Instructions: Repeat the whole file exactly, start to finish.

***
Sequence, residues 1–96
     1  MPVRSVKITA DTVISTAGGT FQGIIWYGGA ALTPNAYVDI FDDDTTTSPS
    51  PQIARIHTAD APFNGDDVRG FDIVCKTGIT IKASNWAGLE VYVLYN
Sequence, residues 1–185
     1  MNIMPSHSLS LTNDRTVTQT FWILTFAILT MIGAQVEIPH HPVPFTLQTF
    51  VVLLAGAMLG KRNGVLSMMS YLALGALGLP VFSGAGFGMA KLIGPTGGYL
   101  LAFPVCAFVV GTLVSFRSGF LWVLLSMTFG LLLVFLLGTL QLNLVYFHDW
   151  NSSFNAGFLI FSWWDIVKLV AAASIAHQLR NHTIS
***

Sequence, residues 1–96
     1  MPVRSVKITA DTVISTAGGT FQGIIWYGGA ALTPNAYVDI FDDDTTTSPS
    51  PQIARIHTAD APFNGDDVRG FDIVCKTGIT IKASNWAGLE VYVLYN
Sequence, residues 1–185
     1  MNIMPSHSLS LTNDRTVTQT FWILTFAILT MIGAQVEIPH HPVPFTLQTF
    51  VVLLAGAMLG KRNGVLSMMS YLALGALGLP VFSGAGFGMA KLIGPTGGYL
   101  LAFPVCAFVV GTLVSFRSGF LWVLLSMTFG LLLVFLLGTL QLNLVYFHDW
   151  NSSFNAGFLI FSWWDIVKLV AAASIAHQLR NHTIS